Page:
Edwin Morgan, the subject of Liz Lochhead's biographical play, Dreams and Other Nightmares, was a Glaswegian poet, teacher and translator (“Beowulf”) who lived two separate and contradictory lives, one conventional and cozy, the other secret and stormy. The psychic split stemmed from his closeted life as a homosexual; he didn't come out until he was seventy. That meant having to hide his true nature from his parents and the world, even as he was regularly prowling parks and cinemas for rough, anonymous sex.

Willard Manus
Phantom of the Opera, The
Marcus Center for the Performing Arts

This summer marks the Phantom of the Opera’s first appearance since 2009. Better yet, Milwaukee gets an early look at this restaged version of the best-selling and longest-running show in Broadway history (in fact, it’s still running). The “new” version has some strong points, including a tightened script (the show has been shortened by 15 minutes) and a more fluid approach. By this, one means that there is rarely a “static” moment in which the characters are merely standing around, trading dialogue. One sees movement everywhere.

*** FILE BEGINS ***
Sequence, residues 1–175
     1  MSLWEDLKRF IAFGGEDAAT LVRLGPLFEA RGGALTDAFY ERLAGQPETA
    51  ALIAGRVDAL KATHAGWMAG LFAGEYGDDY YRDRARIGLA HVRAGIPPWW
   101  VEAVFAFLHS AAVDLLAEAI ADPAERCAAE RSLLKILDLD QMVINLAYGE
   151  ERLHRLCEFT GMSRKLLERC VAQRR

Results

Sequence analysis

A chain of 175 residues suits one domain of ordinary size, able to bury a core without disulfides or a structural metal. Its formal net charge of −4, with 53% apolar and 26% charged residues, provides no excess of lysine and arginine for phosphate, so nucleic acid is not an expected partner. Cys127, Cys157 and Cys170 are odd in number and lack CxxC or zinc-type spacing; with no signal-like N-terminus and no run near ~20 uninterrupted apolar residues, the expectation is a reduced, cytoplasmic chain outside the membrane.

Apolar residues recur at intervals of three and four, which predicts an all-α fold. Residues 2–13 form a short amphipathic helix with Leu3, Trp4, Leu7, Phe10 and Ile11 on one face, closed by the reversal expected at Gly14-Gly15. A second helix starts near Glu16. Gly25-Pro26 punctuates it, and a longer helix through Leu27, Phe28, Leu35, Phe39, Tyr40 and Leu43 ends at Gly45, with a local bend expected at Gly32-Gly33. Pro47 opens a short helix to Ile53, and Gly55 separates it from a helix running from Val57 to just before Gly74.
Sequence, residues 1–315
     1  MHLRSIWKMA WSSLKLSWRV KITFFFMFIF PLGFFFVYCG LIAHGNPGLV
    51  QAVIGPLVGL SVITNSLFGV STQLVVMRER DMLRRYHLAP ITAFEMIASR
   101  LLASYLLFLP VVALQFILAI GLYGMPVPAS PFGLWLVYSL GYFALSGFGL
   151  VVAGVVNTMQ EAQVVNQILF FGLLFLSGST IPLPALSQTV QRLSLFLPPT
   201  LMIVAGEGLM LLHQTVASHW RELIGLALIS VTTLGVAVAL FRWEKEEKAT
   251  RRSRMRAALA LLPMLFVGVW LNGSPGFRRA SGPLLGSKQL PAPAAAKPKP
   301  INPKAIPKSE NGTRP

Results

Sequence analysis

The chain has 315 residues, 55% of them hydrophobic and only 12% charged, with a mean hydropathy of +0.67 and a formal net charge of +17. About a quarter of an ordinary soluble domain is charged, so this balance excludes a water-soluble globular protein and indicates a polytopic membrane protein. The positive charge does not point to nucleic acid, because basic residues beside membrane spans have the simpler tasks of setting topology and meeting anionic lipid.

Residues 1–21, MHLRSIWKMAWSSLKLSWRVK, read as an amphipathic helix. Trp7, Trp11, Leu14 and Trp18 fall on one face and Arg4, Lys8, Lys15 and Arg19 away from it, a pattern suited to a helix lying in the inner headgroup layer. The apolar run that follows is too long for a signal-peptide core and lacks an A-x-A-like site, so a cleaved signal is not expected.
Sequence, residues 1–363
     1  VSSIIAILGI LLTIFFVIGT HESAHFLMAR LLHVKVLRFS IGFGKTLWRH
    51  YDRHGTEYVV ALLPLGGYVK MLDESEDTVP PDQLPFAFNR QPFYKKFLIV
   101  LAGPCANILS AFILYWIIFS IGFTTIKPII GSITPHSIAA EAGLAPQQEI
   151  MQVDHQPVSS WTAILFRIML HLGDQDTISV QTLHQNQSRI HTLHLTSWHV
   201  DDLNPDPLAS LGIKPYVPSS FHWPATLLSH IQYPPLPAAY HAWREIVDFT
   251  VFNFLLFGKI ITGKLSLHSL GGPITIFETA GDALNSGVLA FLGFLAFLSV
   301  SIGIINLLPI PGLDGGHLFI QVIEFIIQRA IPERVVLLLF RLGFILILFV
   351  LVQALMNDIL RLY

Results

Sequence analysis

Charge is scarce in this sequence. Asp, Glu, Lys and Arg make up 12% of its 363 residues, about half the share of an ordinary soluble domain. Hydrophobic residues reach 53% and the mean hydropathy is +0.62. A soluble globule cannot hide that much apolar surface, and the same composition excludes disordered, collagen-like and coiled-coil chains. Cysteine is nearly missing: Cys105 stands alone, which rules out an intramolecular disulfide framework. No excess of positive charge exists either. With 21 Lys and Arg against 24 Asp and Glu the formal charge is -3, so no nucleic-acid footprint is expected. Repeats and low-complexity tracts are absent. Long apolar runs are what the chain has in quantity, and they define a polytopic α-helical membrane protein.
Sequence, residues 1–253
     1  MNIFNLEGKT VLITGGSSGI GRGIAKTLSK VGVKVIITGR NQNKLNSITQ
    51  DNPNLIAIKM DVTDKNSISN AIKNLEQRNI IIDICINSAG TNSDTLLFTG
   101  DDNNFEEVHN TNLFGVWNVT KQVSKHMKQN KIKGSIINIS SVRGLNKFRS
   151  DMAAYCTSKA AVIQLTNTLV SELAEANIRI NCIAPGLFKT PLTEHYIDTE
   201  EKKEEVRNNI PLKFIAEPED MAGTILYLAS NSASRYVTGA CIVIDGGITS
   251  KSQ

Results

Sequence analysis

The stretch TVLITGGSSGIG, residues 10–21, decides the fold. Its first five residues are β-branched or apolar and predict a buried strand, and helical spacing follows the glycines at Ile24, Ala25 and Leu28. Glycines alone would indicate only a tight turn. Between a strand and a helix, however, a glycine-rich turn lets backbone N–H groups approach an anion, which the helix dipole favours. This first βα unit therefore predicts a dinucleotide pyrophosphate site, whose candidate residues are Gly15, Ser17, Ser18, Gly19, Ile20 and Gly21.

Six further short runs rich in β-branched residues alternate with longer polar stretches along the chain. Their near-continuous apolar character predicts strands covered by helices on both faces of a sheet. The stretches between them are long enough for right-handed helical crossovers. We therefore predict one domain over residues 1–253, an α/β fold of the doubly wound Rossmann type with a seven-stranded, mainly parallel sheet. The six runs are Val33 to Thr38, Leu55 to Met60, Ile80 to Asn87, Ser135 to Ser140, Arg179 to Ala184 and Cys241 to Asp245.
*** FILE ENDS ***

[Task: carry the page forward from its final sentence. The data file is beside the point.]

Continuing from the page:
Anne Siegel
Taking Shakespeare
Florida Studio Theater - Gompertz

For a considerable amount of time during Taking Shakespeare, I thought John Murrell had titled his play ”Talking Shakespeare” because that‘s mainly what occupies the two characters. Murph, 24, a slacker addicted to video games, can’t “connect” to Shakespeare and thus “make it” in college. His mom, dean of humanities, sends him to her once-inspiring Prof, hoping she can link up boy and bard.

Marie J. Kilker
Marvin Gaye
WBTT Theater

Sheldon Rhoden looks, acts, sings and returns triumphantly to Westcoast Black Theater Troupe like the real Marvin Gaye as “Prince of Soul” music. Nate Jacobs’ revisal of an earlier version of Gaye’s story covers his career from 1950s to mid-1980s, reigning over developments in and of Motown music. The production boasts typical features that have audiences filling the space WBTT newly owns.